Family, friends welcome home 73 soldiers in Ohio homecoming
By DOUG LIVINGSTON | Akron (Ohio) Beacon Journal/MCT | Published: November 17, 2012
The signs drew Jake Moore to his family.
As he stepped off the bus, he walked toward the one that read “11 months I held you in my heart. Today I will hold you in my arms.”
Moore, a CH-47 Chinook helicopter pilot and Massillon resident, disembarked one of two buses that reunited 73 soldiers with their families and loved ones for the first time in nearly a year.
“We prayed him home,” Kathy Moore said of her son, who was engulfed in a sea of 20 family members, including two sons and his wife.
His grandmother looked on as eight children swarmed their father and uncle.
Jake is one of three grandchildren in the Moore family who are enlisted in the military — one in the Army, another in the Marines and Jake in the Ohio National Guard.
Dan Moore, Jake’s father, joined the family outside Canton McKinley High School on Friday to welcome Jake home along with the rest of Company B, 3rd Battalion, 238th Aviation Regiment.
“Our prayers are answered,” Dan Moore said. “We prayed every day. I hope he never has to go back.”
Moore and his helicopter unit deployed to Salerno and the Bagram Air Base in Afghanistan on Dec. 11.
During that time, the group supplied aerial support for troops.
The unit flew 2,000 hours in 11 months, delivering 2.5 million pounds of cargo and transporting 29,000 troops. They also assisted in recovering downed aircraft and performed more than 10,000 maintenance hours on military equipment.
After a quick reception, commanding officer Capt. Thomas “Tommy” Morrison, a Cleveland resident, tactically filed his men down a hallway by the high school’s auditorium.
As the bald heads, crew cuts, camo outfits and tan boots shuffled down the hall, Morrison took a moment to reflect on the most important accomplishment. It wasn’t measured in the thousands of flight hours of transported passengers. In fact, his greatest accomplishment added up to nothing.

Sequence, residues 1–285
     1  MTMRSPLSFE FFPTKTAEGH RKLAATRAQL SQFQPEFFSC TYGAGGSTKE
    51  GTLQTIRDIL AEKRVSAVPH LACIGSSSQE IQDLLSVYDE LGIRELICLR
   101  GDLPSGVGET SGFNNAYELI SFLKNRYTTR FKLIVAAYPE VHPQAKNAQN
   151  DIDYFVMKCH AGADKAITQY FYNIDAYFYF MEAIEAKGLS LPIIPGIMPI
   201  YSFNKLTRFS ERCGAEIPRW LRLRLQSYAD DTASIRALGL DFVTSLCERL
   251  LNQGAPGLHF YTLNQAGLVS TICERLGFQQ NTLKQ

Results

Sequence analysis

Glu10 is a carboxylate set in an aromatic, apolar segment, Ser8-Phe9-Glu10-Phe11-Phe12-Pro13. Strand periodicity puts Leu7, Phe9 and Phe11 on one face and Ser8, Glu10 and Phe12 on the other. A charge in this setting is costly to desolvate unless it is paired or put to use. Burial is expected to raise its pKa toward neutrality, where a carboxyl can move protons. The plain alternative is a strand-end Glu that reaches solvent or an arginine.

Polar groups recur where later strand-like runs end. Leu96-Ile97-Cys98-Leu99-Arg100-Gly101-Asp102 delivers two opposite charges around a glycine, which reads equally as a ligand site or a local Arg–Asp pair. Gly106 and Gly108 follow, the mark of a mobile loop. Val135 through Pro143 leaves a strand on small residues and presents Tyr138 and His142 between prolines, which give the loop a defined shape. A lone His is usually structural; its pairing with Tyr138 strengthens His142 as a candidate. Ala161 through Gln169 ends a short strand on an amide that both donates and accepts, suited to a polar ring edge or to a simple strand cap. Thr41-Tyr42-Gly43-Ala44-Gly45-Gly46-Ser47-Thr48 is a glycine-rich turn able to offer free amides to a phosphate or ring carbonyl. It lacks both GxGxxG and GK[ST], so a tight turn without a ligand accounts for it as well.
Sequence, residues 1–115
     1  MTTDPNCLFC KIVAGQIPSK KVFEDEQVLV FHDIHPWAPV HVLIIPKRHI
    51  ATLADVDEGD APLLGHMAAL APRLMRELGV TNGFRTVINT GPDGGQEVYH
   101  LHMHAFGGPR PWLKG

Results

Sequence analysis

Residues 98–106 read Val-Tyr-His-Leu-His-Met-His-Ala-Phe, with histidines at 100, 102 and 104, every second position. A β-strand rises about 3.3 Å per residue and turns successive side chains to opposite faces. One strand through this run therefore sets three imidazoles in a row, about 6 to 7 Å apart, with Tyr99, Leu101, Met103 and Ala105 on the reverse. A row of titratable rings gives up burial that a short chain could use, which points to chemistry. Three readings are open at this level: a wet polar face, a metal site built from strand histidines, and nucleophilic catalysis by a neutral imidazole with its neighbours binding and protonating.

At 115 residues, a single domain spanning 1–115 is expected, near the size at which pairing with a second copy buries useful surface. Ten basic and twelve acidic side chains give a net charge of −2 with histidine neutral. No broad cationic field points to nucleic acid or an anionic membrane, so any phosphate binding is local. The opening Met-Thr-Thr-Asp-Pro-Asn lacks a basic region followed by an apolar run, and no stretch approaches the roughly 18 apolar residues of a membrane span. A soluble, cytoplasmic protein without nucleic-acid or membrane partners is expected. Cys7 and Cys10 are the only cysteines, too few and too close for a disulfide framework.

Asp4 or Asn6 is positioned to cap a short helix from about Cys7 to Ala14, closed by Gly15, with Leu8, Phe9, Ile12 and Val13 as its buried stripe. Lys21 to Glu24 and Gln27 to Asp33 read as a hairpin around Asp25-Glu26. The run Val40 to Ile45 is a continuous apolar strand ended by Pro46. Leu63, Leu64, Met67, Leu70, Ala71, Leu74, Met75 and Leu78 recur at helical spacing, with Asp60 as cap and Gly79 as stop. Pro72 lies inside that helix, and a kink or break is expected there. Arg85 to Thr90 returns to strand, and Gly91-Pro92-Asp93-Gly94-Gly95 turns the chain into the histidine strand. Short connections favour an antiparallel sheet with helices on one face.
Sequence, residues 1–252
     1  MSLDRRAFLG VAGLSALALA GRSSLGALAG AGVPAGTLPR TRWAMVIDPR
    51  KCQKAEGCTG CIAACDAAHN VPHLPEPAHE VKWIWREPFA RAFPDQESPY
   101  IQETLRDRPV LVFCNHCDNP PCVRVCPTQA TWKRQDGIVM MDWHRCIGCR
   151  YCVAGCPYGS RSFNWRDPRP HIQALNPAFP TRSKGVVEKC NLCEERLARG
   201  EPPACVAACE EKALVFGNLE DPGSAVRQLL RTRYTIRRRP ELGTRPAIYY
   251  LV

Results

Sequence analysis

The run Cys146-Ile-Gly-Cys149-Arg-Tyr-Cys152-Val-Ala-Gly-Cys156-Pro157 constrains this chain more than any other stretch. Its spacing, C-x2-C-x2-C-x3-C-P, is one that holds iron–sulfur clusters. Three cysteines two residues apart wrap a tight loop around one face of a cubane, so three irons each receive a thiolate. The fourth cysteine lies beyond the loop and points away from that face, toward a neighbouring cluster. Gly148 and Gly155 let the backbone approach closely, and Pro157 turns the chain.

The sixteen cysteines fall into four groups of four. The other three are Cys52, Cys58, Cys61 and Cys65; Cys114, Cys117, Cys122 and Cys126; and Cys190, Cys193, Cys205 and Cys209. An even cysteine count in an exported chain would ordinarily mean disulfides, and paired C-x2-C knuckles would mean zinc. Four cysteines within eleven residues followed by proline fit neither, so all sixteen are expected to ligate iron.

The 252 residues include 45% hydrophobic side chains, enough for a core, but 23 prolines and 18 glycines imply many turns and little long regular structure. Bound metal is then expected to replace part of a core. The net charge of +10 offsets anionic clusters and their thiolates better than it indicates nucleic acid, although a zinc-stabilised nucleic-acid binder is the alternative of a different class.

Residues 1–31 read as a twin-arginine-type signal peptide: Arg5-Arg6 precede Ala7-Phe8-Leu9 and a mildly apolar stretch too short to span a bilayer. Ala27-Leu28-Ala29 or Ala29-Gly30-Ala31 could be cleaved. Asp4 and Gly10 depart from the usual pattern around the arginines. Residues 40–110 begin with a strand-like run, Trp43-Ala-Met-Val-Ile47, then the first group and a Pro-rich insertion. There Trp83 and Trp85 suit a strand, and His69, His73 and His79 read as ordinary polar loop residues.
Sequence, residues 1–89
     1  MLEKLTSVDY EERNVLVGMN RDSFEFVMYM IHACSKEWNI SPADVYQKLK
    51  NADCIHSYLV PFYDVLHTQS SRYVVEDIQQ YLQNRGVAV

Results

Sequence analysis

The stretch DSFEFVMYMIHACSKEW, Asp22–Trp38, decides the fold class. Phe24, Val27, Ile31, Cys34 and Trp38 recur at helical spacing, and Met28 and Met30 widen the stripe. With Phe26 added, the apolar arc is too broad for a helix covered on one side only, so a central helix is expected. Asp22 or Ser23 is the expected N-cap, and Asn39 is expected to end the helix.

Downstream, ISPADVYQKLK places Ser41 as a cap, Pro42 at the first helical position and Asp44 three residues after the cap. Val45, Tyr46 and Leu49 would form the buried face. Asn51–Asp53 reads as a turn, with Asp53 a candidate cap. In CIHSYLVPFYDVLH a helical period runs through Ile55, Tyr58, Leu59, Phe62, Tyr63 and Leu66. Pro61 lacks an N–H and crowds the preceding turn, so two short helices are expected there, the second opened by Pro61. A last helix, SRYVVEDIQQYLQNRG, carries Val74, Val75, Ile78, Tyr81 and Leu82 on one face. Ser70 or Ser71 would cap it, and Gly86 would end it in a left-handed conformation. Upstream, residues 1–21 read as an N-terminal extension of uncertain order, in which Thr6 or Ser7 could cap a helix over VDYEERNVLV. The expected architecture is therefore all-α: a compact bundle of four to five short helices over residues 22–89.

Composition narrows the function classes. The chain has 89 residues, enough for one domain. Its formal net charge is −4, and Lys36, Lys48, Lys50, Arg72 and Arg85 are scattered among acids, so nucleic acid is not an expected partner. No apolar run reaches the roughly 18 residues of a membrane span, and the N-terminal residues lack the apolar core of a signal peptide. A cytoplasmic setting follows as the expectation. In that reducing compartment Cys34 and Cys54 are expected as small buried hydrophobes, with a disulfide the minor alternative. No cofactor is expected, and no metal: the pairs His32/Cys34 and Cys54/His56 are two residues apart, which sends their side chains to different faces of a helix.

“Everybody’s got all their fingers and toes,” Morrison said, standing with his chest out and his arms behind his back. “And that’s the best feeling.”
The unit suffered no casualties.
Inside the auditorium, family and friends packed the seats to near capacity. A deafening applause, followed by ecstatic yelps, filled what little room was left.
As the crowd quieted for the chaplain’s invocation, a toddler wiggled in a mother’s lap and cried, “Da-Da.”
In the upper rows, Dusty Martin, 27, waited anxiously as her husband of 14 months joined his fellow soldiers at the front of the auditorium. They were married on Sept. 11, and for 11 of the following 14 months, the newlyweds have been communicating through Skype and email.
“This is the first time he’s been away from me,” she said with her eyes fixed on the group of 73 soldiers.
Distinguished guests gave thanks to the troops for their service.
They included outgoing U.S. Rep. Betty Sutton, D-Copley; Mayors Willam Healy of Canton and David Held of North Canton; and state Sen. Frank LaRose.
Speaking last, Held had little left to say that hadn’t been said already.
“There are no words to express the gratitude for all our soldiers,” the mayor said.
Speaking last, Morrison addressed his men.
“Be proud of what you’ve accomplished,” he said.
Distributed by MCT Information Services